Inspiron 15 7000 gaming laptop

The Inspiron 15 7000 has much better audio than most laptops, with a pair of forward-firing speakers and a built-in subwoofer.

Besides its gaming use, the Inspiron 15 7000 would make for a nice performance laptop. The 15.6-inch display is crisp and has the room to show a lot of info without needing to squint, the keyboard is decent for typing and there’s plenty of storage. With the Core i7 and Nvidia card working together, there’s plenty of power on tap for number crunching or high demand tasks like editing and compiling video. You also get lots of ports for USB accessories—although no USB-C support.

My biggest issue with the Inspiron 15 7000 is power. As mentioned, the power adapter is big. But the 74Whr battery doesn’t last long, either. On medium screen brightness, when streaming HD video I got just 2.5 hours on a charge. You can tweak the settings and use battery-saving to extend that a bit, but you wouldn’t want to do so if you were using the laptop to play a game. No gaming laptop offers great battery life, but this is something to be aware of if you’re considering it as a general use laptop.

Dell Inspiron 15 7000 Key Specs (as tested)

  • 15.6-inch Full HD, low glare display
  • 7th generation quad-core Intel Core i7-7700HQ CPU @ 2.8GHz
  • 16GB DDR4 RAM
  • Nvidia GTX1050Ti graphics card with 4GB of RAM
  • 128GB SSD, 1TB 5400 rpm HDD
  • Front-firing speakers, subwoofer, Waves MaxxAudio Pro
  • 802.11ac Wi-Fi, gigabit Ethernet, Bluetooth 4.2
  • 3x USB 3.0, SD card slot, HDMI out
  • Backlit chiclet keyboard with trackpad
  • 74 Wh battery
  • Windows 10 Home
  • 2.54 x 27.48 x 38.48 cm, weighs 2.62 kg


A single Phillips screw and popping some tabs is all it takes to access the Inspiron 15 7000’s components. There are two RAM slots and the laptop can be upgraded to 32GB of RAM. You could always boost the SSD capacity if you wished and the hard drive is a 5400 rpm model—you could replace it with a 7200 rpm drive for greater speed.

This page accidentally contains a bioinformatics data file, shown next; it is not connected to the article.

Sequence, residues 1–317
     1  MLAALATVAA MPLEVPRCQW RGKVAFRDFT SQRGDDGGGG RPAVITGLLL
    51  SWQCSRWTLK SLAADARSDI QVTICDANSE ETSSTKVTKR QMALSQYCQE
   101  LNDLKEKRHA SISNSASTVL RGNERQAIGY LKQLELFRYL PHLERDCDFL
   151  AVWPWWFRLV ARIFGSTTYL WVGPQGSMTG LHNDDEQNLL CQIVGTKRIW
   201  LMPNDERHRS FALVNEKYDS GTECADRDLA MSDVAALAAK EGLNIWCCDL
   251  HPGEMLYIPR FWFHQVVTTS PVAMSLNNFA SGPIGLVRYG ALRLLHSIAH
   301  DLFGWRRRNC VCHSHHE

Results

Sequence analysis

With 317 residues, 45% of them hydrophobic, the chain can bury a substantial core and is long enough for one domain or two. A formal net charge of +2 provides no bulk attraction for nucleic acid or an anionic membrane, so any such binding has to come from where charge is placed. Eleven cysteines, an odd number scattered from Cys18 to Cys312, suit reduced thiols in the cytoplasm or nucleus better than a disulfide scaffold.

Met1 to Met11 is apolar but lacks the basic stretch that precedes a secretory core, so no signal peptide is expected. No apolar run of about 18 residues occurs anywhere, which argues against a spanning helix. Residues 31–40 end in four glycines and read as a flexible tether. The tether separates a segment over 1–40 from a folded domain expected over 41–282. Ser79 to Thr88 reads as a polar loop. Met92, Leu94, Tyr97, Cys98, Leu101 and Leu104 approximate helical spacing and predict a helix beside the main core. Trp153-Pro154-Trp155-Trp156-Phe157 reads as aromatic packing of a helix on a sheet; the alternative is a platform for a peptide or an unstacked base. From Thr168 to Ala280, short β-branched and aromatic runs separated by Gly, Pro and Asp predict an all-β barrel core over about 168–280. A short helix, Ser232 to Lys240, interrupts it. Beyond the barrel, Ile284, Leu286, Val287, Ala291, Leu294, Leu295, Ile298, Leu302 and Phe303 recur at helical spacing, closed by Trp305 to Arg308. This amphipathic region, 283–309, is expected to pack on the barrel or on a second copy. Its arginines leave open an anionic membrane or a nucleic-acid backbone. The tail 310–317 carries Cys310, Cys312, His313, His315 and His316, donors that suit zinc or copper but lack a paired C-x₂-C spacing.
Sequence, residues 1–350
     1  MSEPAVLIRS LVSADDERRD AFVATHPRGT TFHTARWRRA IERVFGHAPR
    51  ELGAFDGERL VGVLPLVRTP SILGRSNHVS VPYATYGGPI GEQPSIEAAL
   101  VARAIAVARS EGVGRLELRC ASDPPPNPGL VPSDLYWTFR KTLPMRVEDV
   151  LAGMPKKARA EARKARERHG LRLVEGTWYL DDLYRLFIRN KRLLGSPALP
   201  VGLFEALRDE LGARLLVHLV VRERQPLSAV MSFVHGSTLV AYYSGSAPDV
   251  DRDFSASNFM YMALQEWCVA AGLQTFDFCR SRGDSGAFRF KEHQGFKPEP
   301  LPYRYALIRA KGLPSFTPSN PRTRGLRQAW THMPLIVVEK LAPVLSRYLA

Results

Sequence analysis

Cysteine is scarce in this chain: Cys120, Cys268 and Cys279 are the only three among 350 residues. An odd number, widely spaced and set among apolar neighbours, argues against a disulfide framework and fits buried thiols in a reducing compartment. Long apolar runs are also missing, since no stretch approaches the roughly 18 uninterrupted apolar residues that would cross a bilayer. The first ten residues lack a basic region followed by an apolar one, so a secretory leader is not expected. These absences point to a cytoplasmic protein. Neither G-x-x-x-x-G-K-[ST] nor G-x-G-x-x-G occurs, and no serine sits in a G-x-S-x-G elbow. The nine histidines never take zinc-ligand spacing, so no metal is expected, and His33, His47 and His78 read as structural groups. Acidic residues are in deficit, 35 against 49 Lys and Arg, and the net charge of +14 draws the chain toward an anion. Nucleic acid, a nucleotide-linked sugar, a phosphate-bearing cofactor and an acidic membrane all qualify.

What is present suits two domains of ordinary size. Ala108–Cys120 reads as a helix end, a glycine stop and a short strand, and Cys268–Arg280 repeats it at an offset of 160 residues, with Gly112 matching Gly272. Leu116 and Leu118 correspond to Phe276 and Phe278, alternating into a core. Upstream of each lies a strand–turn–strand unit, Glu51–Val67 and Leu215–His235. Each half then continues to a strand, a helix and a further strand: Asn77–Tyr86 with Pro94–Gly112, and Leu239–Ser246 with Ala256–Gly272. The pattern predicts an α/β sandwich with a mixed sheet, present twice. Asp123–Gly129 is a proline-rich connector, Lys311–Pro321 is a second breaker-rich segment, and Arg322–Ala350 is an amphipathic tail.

Dell Inspiron 15 7000 review


The Dell Inspiron 15 7000 isn’t aimed at hardcore PC gamers—they’ll want something a little more powerful—but it’s a lot more capable than many budget gaming laptops. Let’s call it somewhere in the middle in terms of performance.

Given its affordable price tag, that makes it a pretty good bet for mobile gaming on a budget, and it’s also more than capable of being used as a performance laptop. Battery life isn’t stellar and the power brick is bulky, but otherwise there’s a lot to like about the Inspiron 15 7000. And if you want to cut costs even more, there’s a Core i5 version available.

Make sure to check out the Inspiron 15 7000, along with the huge selection of gaming and performance laptops at Best Buy.

Brad Moon
Editor Computing solutions
I’m a long-time electronics and gadget geek who’s been fortunate enough to enjoy a career that lets me indulge this interest. I have been writing about technology for several decades for a wide range of outlets including Wired, Gizmodo, Lifehacker, MSN,, Kiplinger, and GeekDad. I’m in my 10th year as a senior contributor for Forbes with a focus on reviewing music-related tech, Apple gear, battery power stations and other consumer electronics. My day job is with the Malware Research Center at AI-native cybersecurity pioneer CrowdStrike.